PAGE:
Tom White was the Secretary of the Army when the Iraq war started in march of 2003. Before the war began, White, along with several high ranking generals, warned that it might take hundreds of thousands of soldiers to secure Iraq. But Defense Secretary Donald Rumsfeld brushed that estimate aside.
DONALD RUMSFELD: My personal view is that it will prove to be high.
BRANCACCIO: Soon after, White resigned from the Pentagon at Rumsfeld's request.
BRANCACCIO: In the preparations for Iraq, broadly, what did we get right and what did we get wrong?
THOMAS WHITE, FMR. ARMY SECRETARY: Well, I think we got the military campaign, the initial combat phase of it, right. Everything after, I think, could qualify as being wrong. We didn't have near the size force necessary to secure the country and we basically have not corrected that problem to this day.
BRANCACCIO: So personnel levels, boots on the ground, that's key to understanding what went wrong?
WHITE: I think so. Mind you what the task was. The task was a country of 25 million people that had a history between the Shiites, the Sunnis, and the Kurds of not getting along terribly well, spread out over a geographical expanse bigger than the State of California. Any reasonable person looking at that would say it's going to take a very large force to properly secure this.
BRANCACCIO: So what do you make of the current system where people are having their service extended. Is that system fair?
WHITE: Well, whether it's fair or not is in the eye of the beholder, I suppose. The question is, can you sustain a force with that level of operational tempo. Remember, these people are volunteers, and sooner or later, they will come home. And sooner or later, they will have the option to vote with their feet about whether they think the system is fair.
BRANCACCIO: Are these personnel policies almost becoming desperate?
WHITE: Well, I think it reflects the critical nature of the times. We're at war. The war is lasting a lot longer than anybody thought it would when we started. It's requiring a lot more force than anybody thought that it would. So I think the manpower equation of the Army you could probably consider to be in crisis.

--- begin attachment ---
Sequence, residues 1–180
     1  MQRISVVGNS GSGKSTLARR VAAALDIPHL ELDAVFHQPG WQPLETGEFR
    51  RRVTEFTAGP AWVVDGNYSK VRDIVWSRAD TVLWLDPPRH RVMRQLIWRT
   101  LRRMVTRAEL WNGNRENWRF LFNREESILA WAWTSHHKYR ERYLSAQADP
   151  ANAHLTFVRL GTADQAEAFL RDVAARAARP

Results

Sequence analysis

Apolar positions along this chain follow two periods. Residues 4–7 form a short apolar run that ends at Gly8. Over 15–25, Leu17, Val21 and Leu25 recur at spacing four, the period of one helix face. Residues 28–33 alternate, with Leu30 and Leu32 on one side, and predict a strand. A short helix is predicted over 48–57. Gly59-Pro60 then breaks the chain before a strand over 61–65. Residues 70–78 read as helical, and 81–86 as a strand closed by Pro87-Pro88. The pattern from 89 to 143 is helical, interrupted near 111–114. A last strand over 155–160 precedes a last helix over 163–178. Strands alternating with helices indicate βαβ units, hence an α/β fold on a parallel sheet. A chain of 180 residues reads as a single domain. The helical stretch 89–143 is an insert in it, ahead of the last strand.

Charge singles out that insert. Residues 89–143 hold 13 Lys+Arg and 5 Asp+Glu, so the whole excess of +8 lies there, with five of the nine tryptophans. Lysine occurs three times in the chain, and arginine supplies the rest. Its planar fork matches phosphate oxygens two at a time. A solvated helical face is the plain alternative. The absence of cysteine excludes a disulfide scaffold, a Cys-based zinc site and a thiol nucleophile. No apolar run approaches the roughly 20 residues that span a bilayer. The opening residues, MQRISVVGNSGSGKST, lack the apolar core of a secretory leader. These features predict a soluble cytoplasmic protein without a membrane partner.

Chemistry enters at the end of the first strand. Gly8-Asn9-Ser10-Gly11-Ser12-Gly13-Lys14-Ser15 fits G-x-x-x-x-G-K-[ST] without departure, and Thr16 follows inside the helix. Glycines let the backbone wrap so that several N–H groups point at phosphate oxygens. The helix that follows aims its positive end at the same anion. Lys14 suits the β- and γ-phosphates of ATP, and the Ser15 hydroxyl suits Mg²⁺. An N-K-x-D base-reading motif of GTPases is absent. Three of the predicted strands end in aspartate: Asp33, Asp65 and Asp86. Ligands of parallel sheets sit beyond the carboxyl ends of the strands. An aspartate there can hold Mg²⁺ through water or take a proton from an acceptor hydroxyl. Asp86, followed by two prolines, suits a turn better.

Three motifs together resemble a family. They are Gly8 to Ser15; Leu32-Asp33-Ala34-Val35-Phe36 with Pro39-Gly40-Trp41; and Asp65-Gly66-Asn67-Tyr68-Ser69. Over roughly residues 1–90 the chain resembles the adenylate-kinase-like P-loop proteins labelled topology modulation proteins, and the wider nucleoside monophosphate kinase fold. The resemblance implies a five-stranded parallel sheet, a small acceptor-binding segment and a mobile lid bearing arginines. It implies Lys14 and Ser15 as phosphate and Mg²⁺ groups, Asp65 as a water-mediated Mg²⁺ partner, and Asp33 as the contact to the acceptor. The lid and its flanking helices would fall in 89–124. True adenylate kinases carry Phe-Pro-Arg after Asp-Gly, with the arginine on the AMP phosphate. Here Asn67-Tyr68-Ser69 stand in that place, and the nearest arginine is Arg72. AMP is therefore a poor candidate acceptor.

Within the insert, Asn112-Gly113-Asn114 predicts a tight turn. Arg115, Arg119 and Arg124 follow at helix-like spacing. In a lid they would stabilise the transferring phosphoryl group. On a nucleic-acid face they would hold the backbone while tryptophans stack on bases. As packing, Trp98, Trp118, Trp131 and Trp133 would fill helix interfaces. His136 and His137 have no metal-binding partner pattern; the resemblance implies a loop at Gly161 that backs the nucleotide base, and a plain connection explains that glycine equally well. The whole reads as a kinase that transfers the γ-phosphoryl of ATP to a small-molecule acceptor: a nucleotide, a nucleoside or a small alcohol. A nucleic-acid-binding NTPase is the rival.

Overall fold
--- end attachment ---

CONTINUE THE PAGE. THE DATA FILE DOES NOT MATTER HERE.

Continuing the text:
BRANCACCIO: One measure of that crisis: The army itself has admitted soldiers coming home from Iraq have walked away from the military. Over the last four months, the National Guard has been running 24% below enlistment goals the Army Reserve, down almost 20%.
LARRY KORB, FMR. ASST. SECRETARY OF DEFENSE: We may have already gotten ourselves into a situation in which there's no good answer.
BRANCACCIO: Lawrence Korb says we're facing an even bigger challenge. Korb's been thinking about military manpower for two decades since his days as Assistant Secretary of Defense under President Reagan.
He says that not only does the Army need to overcome its enlistment problems, the size of the Army even needs to be bigger. It currently numbers about half a million soldiers. He believes it should add more. How many more?
LAWRENCE KORB: What you need right now, give the situation we're in, when I crunch the numbers, I came up with the number of 86,000.
BRANCACCIO: Korb believes that could be accomplished without a draft, through more aggressive recruiting. And there's growing support for a bigger Army on Capitol Hill, but not at the White House. While the administration's new budget calls for a huge increase in defense spending, none of that money is for a permanent increase in the size of the army.
KORB: For every 10,000 people you add on active duty, it's about a billion dollars. So let's say we add 100,000. Okay, that's 10 billion dollars a year. You're spending more than that on a national missile defense, which doesn't work and probably is not needed. You're buying the F-22 when you've already got the best fighters in the world.
In this new challenge we face against these radical jihadists, you're gonna need a lot of ground forces. And they should get the priority.
BRANCACCIO: All of this plays into a bigger debate over what kind of military America wants, and how aggressively we want to serve as the world's policeman. One well-known Republican senator recently said, "it's always the uniformed military that has to bear the brunt of bad decisions. They do the dying and the suffering." [Senator Chuck Hagel Dec. 20, 2004].
The Bush administration has said it will not revive the draft. But to former Black Hawk pilot Rick Howell, it sure feels like that's what's going on.
RICK HOWELL: I have not been to a single day of military training in eight years and they want me to go back and be on active duty when I get, like, a two hour block of training on improvised explosive devices. And then, boom! I'm off to Iraq.
BRANCACCIO: The Army has told Rick Howell, the man we just heard from, that he has to report for duty March 27.